Co-creation for policy: Participatory methodologies to structure multi-stakeholder policymaking processes
This publication is a Science for Policy report by the EIT Climate-KIC and the Joint Research Centre (JRC) and has been prepared in the context of the technical collaboration agreement between these organisations. The scientific output expressed does not imply a policy position of the European Commission. Neither the European Commission nor any person acting on behalf of the Commission is responsible for any use that might be made of this publication. The designations employed and the presentation of material on the maps do not imply the expression of any opinion whatsoever on the part of the European Union concerning the legal status of any country, territory, city or area or of its authorities, or concerning the delimitation of its frontiers or boundaries.
The COVID-19 pandemic, climate change, digital transformation, demographic changes and other global challenges are urging us to take profound yet agile policy action at all levels. The scale and complexity of the action needed make it essential that we perform this work while engaging with all relevant stakeholders. In this context, we see an increasing need to learn about how to organise policy co-creation processes and events in a purposeful and structured way.
This handbook aims at helping its users to effectively co-create the powerful policies we need today. It combines an entrepreneurial way of thinking and a concrete process for developing breakthrough ideas that stand a high chance of producing real-world impact. It presents a practitioner-oriented narrative for the design and implementation of innovative participatory processes and workshops to address societal challenges – coordinated by policymakers and with the active engagement of key stakeholders. It applies tried and tested self-organisation and design-thinking principles for co-creation.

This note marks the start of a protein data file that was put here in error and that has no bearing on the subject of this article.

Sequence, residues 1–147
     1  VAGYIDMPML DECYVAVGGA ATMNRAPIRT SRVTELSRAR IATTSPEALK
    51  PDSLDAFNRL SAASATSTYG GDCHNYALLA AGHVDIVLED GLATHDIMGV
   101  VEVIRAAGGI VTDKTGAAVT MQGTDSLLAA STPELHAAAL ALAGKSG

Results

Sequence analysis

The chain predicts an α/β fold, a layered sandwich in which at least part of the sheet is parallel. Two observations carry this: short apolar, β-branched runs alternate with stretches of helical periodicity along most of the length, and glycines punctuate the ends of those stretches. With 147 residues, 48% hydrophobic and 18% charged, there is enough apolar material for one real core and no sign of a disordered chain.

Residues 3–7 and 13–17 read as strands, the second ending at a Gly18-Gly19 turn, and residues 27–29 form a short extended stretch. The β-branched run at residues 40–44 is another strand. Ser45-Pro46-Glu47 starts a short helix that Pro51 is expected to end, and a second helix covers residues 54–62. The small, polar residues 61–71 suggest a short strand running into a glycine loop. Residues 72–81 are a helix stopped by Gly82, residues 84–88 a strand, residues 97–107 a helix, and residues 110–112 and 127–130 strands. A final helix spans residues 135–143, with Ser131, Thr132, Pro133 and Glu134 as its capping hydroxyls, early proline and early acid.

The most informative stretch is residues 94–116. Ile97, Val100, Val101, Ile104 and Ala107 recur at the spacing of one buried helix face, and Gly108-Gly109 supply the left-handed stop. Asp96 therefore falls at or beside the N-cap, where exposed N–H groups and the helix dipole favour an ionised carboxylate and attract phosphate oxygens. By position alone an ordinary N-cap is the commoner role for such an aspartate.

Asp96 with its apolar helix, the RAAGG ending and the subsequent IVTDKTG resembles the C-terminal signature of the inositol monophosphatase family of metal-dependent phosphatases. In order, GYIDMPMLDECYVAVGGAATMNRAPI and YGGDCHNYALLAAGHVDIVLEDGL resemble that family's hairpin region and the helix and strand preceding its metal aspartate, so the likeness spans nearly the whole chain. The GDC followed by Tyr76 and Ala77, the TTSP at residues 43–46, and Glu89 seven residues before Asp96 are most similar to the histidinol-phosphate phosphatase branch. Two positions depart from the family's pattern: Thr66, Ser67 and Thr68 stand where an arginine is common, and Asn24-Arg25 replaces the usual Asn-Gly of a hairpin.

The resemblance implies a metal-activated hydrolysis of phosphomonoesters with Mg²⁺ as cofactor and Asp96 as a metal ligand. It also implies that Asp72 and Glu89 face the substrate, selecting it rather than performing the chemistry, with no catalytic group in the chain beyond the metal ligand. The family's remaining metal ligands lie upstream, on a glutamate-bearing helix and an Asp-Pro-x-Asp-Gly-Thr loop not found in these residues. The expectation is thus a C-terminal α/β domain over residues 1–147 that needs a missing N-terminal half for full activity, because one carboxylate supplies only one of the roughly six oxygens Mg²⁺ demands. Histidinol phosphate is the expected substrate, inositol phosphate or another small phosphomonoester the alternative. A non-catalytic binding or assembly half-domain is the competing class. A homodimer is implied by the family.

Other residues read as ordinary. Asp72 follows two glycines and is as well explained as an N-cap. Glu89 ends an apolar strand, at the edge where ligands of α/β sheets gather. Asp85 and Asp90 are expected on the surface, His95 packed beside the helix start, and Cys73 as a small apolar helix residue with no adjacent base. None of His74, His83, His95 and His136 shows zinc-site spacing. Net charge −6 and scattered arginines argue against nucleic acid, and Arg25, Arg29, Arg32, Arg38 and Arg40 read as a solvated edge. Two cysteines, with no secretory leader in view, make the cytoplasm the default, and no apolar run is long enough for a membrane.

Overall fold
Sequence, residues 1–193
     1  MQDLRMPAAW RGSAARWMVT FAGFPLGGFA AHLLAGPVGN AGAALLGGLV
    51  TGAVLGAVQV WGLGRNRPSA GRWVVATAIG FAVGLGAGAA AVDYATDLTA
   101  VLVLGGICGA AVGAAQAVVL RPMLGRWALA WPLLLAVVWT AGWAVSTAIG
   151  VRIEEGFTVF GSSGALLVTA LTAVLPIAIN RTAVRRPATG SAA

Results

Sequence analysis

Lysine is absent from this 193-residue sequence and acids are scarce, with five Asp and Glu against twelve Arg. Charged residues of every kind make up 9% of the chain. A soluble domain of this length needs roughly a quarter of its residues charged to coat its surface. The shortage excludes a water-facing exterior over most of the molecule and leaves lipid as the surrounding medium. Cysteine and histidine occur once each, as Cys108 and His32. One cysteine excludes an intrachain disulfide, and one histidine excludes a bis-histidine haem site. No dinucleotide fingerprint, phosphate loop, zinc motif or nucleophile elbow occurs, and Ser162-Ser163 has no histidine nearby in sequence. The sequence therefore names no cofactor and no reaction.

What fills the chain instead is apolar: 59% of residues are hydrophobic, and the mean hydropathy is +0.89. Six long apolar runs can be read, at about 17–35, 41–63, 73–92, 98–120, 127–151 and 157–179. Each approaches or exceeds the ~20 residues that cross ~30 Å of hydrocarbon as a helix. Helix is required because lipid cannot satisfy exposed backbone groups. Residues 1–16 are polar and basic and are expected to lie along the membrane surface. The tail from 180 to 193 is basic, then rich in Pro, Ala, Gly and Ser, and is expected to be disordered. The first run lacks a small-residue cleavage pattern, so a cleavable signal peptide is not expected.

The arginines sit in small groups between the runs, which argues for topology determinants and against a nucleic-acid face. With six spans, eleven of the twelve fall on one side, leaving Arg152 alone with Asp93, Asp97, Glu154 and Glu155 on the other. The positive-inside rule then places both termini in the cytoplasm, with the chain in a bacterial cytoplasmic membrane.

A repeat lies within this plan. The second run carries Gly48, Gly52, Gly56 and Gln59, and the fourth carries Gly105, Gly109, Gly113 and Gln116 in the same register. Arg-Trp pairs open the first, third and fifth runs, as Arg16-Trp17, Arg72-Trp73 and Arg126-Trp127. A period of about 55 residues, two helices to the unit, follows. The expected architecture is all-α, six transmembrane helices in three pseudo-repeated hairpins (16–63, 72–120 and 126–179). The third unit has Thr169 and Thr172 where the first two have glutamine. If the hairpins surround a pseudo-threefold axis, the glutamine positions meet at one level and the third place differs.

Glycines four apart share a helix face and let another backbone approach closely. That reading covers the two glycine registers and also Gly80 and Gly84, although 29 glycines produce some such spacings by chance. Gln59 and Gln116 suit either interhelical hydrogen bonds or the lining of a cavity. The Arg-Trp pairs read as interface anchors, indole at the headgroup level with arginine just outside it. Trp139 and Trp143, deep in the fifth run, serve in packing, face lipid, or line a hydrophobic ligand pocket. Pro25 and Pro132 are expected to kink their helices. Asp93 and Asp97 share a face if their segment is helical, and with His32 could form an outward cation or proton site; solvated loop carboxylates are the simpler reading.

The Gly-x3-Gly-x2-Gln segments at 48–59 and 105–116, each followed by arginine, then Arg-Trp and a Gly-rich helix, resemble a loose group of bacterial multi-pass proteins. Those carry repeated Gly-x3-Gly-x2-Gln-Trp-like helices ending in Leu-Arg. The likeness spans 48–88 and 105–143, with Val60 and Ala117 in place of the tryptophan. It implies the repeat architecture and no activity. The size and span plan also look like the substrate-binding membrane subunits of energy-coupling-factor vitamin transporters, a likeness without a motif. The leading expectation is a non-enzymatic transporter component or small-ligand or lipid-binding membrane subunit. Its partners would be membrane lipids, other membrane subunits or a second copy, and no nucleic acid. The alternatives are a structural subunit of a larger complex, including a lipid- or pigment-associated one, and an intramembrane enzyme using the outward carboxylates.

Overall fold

The handbook provides practical steps and recommendations for the identification of synergies among stakeholders across territories, sectors and levels. It shows how to ensure optimal knowledge management and efficient communication to optimise resource usage, policy convergence and the achievement of positive results when designing or implementing policy. By combining community engagement and knowledge management services, the handbook highlights how participatory processes can be embedded in the policymaking cycle with a view to improving the societal value of generating collaborative innovation, goodwill and co-created evidence for informing policymaking.